Strange Loop

Sept 30 - Oct 2, 2021


Union Station


St. Louis, MO

Register for 2021!

ASTRIAGraph: Monitoring Global Traffic in Space!

ASTRIAGraph: Toward an open, transparent, and crowdsourced space traffic and environment monitoring and awareness system

  The US department of defense tracks approximately 26000 resident space objects (RSOs) ranging from the size of a softball to a school bus. From these, roughly 2000 are actively controlled and all else are effectively space garbage. As such, they do not transmit their identities making them more difficult to track. Tracking is understood as both detecting an object and positively identifying it. Most of these objects are measured as point detections (i.e. non-resolved). Astrodynamics is the science that studies motion of resident space objects. There are four field effects driving RSO motion: gravitational, radiative, particulates, and geomagnetic. Of these, only the gravitational field effects are independent of the RSO's physical characteristics. The question then is, how do we positively identify all of the RSOs in the population and thus improve our ability to predict their behavior to satisfy a growing need for space safety, security, and sustainability? Moreover, how do we do this in the presence of uncertainty driven by both randomness and ignorance? Dr. Jah will describe current state of practice, compare this to state of the art, and identify scientific and engineering gaps that are in need of being satisfied. He will also provide a summary of his research program at UT Austin and how this focus area fits into a larger vision of rigorous and comprehensive space situational awareness and space traffic management.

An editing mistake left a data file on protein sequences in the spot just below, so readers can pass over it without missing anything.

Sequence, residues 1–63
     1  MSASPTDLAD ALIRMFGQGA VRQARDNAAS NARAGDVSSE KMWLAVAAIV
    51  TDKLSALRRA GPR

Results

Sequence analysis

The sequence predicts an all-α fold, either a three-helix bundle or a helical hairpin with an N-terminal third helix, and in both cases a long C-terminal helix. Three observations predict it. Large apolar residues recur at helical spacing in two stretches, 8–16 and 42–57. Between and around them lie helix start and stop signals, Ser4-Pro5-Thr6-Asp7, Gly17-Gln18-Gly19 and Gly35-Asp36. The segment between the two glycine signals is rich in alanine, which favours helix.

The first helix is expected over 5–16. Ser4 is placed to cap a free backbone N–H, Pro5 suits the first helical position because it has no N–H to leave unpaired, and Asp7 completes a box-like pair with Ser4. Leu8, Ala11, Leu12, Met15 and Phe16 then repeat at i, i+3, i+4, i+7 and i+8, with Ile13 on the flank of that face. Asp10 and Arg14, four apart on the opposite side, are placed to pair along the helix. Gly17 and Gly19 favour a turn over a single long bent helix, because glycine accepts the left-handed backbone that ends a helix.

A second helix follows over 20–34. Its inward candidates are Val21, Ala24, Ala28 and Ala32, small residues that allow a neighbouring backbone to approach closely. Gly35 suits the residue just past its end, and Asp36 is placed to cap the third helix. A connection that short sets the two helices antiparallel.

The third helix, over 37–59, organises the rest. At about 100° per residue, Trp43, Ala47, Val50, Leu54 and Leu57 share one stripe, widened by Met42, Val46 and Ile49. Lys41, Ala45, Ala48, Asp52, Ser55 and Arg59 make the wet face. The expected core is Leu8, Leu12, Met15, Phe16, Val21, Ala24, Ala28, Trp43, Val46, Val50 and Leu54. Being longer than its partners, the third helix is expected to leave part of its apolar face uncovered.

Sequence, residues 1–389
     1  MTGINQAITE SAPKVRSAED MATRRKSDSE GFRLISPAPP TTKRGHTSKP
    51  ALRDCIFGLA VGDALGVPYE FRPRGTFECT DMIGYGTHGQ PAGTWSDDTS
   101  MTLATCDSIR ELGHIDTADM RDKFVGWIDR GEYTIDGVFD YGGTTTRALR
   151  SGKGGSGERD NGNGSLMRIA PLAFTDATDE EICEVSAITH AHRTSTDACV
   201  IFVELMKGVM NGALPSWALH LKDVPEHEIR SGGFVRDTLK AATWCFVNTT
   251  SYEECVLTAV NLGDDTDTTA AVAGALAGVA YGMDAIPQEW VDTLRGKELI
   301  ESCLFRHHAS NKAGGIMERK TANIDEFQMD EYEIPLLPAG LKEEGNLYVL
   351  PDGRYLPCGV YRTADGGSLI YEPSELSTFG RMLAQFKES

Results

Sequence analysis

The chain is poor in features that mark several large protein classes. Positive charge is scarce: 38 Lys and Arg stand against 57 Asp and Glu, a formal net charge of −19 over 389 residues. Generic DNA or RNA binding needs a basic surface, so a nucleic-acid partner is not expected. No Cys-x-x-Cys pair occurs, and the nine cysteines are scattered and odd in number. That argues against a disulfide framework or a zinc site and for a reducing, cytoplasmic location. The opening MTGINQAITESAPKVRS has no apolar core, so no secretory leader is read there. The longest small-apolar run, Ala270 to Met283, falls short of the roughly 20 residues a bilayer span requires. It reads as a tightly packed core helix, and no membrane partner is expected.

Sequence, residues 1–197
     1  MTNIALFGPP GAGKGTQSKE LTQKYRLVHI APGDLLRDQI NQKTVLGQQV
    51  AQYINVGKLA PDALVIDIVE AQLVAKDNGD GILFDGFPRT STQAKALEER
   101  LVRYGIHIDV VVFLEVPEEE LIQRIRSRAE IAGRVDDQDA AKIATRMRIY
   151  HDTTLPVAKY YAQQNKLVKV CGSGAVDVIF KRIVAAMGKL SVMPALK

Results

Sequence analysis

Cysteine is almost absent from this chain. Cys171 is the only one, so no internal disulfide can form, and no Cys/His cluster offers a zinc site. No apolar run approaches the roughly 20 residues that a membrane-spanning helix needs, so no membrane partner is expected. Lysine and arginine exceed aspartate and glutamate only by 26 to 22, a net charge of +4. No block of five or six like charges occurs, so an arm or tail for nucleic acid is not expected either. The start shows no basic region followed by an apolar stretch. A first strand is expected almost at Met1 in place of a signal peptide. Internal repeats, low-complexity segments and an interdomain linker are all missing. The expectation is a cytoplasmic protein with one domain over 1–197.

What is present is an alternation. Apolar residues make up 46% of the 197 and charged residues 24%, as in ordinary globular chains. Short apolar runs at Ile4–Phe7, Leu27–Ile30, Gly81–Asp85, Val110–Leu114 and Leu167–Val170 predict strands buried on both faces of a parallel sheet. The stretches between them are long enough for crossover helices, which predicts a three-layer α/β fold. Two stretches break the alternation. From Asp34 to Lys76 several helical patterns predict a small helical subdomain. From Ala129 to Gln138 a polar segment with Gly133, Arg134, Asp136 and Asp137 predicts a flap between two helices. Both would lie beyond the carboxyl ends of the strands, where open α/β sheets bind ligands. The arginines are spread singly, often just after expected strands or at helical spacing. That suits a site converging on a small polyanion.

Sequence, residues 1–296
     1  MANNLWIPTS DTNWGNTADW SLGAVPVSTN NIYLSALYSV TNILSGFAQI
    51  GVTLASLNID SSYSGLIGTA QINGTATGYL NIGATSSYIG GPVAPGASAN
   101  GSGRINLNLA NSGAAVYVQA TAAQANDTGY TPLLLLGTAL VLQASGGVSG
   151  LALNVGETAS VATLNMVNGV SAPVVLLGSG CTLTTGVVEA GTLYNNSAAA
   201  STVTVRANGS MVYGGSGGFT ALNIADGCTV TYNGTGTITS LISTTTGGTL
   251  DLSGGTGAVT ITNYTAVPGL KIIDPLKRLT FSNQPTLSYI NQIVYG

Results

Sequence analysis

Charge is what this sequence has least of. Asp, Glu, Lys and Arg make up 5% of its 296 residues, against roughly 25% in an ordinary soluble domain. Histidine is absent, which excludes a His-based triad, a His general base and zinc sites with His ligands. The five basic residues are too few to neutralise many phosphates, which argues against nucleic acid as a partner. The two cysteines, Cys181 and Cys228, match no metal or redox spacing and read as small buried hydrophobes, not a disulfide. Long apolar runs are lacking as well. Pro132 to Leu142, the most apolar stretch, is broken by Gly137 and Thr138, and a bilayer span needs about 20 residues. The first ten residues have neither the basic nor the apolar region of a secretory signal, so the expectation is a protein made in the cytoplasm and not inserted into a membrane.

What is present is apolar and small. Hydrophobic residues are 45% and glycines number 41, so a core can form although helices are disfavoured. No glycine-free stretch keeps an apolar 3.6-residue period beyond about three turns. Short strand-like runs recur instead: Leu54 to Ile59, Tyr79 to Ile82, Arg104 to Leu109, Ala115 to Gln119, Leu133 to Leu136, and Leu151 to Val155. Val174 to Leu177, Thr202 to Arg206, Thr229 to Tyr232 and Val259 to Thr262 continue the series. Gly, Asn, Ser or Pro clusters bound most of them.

Moriba Jah

Moriba Jah

University of Texas at Austin

Dr. Moriba Jah is the director for Computational Astronautical Sciences and Technologies (CAST), a group within the Oden Institute for Computational Engineering and Sciences (ICES) at The University of Texas at Austin. Dr. Jah came to UT Austin by way of the Air Force Research Laboratory and NASA's Jet Propulsion Laboratory prior to that, where he was a Spacecraft Navigator on several Mars missions. He is a TED Fellow, a Fellow of the American Institute of Aeronautics and Astronautics (AIAA), the American Astronautical Society (AAS), the Royal Astronomical Society (RAS), the International Association for the Advancement of Space Safety (IAASS), and the Air Force Research Laboratory (AFRL). Dr. Jah is also an elected member of the International Academy of Astronautics (IAA) as well as the International Institute of Space Law (IISL), has testified to the US congress on his work, and has briefed the United Nations Committee On peaceful Uses of Outer Space (UN-COPUOS) as an invited member to the US delegation. More details at